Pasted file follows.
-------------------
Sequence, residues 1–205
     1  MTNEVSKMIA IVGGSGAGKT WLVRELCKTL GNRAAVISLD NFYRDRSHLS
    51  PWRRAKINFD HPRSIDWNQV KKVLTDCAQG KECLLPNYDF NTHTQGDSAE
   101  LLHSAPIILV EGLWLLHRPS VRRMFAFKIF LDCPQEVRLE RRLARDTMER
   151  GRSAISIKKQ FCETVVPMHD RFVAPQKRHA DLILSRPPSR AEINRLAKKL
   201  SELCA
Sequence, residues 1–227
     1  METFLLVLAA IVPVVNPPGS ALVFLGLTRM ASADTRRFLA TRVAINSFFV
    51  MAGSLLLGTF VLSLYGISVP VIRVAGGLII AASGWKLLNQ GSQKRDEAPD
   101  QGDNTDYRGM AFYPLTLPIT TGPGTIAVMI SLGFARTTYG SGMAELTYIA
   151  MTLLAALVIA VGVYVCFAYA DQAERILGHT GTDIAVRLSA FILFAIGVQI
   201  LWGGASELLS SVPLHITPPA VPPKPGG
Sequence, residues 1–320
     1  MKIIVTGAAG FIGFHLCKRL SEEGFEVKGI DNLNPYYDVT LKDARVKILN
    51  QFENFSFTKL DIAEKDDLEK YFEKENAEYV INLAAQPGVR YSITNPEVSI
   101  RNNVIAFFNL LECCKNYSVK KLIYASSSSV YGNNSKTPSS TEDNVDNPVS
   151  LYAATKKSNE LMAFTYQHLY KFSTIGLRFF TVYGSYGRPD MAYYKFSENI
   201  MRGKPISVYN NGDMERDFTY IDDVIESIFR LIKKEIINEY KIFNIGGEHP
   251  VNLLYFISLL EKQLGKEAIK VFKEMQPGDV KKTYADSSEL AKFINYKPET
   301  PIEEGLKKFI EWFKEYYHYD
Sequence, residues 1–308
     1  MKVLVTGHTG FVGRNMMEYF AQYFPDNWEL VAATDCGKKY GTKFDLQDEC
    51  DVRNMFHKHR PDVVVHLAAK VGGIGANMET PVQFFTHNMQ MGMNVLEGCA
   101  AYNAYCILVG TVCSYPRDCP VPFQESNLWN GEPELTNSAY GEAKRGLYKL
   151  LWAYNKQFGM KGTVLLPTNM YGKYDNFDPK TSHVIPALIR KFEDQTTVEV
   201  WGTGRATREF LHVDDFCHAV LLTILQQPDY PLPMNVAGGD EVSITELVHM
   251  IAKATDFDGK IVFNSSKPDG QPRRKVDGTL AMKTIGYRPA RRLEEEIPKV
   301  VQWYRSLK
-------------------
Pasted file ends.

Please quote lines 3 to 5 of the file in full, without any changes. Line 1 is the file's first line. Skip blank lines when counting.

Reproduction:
    51  PWRRAKINFD HPRSIDWNQV KKVLTDCAQG KECLLPNYDF NTHTQGDSAE
   101  LLHSAPIILV EGLWLLHRPS VRRMFAFKIF LDCPQEVRLE RRLARDTMER
   151  GRSAISIKKQ FCETVVPMHD RFVAPQKRHA DLILSRPPSR AEINRLAKKL